Proponents of the local food movement like to talk about keeping "food miles" to a minimum. Buying a New Zealand apple in New England is a big no-no. Imagine if instead of stores buying fruit from the South Pacific, the government was buying land in South America to produce "our own" food.
Yet that is what's happening all over the world, as wealthy countries buy or lease large tracts of land in poorer countries for agricultural production and export. At the same time, financial institutions and agribusiness are chasing land as an investment in the expanding biofuels market. Poor governments are often too eager to comply, offering up what they deem "idle" or "unused" land, but which is frequently inhabited and farmed by indigenous populations.
While no one knows the exact number of these controversial deals (called land grabs by critics), hundreds have been reported in the media. The International Food Policy Research Institute estimates that up to 49 million acres of farmland were the subject of such negotiations between 2006 and 2009 alone.
In conferences and numerous reports, intergovernmental organizations like the World Bank and the United Nations Food and Agriculture Organization (FAO) have consistently promoted the idea that these deals can be "win-win," where poor countries receive some combination of money, infrastructure, and resources in exchange for their land.
Land rights advocates, farmers' and peasants' groups, and a slew of nongovernmental organizations (NGOs) have held firmly against this trend. They argue that these land deals spur an assortment of negative consequences, including ecosystem destruction, worker exploitation, loss of livelihoods, food insecurity, and market distortion toward agribusiness and global trade.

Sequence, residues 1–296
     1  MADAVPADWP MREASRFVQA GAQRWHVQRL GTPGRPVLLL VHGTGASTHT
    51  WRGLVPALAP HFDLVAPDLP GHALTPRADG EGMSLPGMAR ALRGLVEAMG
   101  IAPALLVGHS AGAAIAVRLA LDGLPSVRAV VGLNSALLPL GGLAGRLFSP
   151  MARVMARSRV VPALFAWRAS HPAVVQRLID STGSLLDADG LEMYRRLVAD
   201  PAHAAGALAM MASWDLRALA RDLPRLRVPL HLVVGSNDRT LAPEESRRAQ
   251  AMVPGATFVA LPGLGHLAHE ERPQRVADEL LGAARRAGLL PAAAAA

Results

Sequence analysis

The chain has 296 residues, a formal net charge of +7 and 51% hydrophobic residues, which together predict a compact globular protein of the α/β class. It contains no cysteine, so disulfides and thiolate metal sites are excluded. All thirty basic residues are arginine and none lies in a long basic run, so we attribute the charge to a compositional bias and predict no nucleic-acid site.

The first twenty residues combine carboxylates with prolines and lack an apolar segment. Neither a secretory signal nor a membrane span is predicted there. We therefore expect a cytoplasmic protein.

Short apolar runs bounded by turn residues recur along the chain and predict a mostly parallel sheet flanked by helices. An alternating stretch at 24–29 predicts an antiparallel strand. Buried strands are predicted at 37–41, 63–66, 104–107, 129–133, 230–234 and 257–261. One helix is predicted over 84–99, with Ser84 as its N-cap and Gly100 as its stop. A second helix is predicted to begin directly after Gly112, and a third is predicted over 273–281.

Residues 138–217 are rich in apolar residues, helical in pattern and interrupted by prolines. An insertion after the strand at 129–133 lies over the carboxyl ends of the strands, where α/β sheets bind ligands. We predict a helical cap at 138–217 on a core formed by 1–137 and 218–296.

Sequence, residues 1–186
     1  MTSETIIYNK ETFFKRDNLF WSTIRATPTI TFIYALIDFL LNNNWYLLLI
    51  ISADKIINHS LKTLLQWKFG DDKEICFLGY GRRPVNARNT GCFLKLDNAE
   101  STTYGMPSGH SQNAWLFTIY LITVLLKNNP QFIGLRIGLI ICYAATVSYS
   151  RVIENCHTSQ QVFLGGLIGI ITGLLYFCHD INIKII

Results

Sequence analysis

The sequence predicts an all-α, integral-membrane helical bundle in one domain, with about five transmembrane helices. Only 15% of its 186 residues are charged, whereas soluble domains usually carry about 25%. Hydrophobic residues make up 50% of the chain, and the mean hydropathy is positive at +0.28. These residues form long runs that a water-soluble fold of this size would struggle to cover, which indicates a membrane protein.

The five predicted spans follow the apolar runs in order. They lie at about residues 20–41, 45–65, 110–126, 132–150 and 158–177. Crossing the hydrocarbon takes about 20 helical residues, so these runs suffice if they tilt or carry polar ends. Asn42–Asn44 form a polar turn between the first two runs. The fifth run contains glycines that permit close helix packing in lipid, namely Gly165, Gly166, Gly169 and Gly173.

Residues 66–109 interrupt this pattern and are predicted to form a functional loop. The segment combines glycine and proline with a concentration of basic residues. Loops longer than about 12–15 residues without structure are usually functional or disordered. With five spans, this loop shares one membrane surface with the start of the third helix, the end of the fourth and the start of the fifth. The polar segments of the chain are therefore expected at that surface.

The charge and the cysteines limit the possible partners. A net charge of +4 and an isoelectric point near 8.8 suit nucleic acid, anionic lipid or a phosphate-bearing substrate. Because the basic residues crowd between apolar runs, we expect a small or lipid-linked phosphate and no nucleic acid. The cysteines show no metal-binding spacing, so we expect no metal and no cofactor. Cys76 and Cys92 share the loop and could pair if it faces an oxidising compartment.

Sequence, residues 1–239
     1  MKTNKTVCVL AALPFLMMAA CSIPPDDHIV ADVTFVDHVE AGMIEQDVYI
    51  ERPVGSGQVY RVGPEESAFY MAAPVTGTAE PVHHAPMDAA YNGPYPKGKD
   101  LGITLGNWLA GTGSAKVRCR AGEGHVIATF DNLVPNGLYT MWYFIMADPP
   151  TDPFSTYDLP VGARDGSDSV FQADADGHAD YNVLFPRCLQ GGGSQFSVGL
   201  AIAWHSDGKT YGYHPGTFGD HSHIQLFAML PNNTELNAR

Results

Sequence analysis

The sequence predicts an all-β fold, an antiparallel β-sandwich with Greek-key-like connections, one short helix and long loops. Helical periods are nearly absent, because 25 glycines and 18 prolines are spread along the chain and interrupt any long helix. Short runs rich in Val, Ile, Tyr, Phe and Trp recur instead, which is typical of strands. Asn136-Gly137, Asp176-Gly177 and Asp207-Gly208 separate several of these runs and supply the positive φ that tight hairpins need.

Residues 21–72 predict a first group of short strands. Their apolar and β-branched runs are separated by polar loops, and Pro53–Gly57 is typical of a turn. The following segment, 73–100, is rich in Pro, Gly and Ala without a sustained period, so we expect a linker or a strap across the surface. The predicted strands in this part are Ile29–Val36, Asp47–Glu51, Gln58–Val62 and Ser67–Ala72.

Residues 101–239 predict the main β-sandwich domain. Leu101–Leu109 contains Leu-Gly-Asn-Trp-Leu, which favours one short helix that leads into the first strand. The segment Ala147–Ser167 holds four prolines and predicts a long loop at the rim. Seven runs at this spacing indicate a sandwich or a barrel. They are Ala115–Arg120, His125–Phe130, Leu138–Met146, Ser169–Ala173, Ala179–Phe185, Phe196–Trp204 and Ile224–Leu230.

A recently leaked World Bank report cited in the Financial Times suggests they may be right: "Investors in farmland are targeting countries with weak laws, buying arable land on the cheap and failing to deliver on promises of jobs and investments," the Times summarized.
True agrarian reform
True agrarian reform is something else entirely, according to 120 organizational signatories of an April statement that called for an immediate end to land grabs. Such change, they argued, includes investment in research and training programs for smallholder farmers overhauling trade policies, supporting regional markets, and promoting "community-oriented food and farming systems hinged on local people's control over land, water and biodiversity."
In meetings with farmers in more than 21 countries in Africa, we at the Worldwatch Institute's Nourishing the Planet project have found smallholder agricultural innovations to be some of the most successful approaches.
In southern Ghana, for example, the Abooman Women's Group raises dairy cows to make yogurt and pasteurized milk to sell to the community. These products help the women earn higher incomes, especially in the off-season. And studies show that supporting women's access to training, credit, and inputs improves not only food security, but health indicators as well.
In Ethiopia, a country rich in fertile land that is the focus of many proposed investment deals, international NGO Prolinnova funds innovative projects like Kes Malede Abreha's water pumps. Using the pumps and hoses to irrigate his fruit trees and farm crops, Mr. Abreha was able to increase his family's income and diversify their crops. Now he trains other farmers.
Such smallholder agricultural innovations can increase yields, improve livelihoods, and protect natural resources all at the same time. There is too much at stake when governments give up land, water, and livestock to large-scale foreign investment. NGOs and funders have an important role to play: to listen and respond to the needs and accomplishments on the ground, and keep local food systems truly local.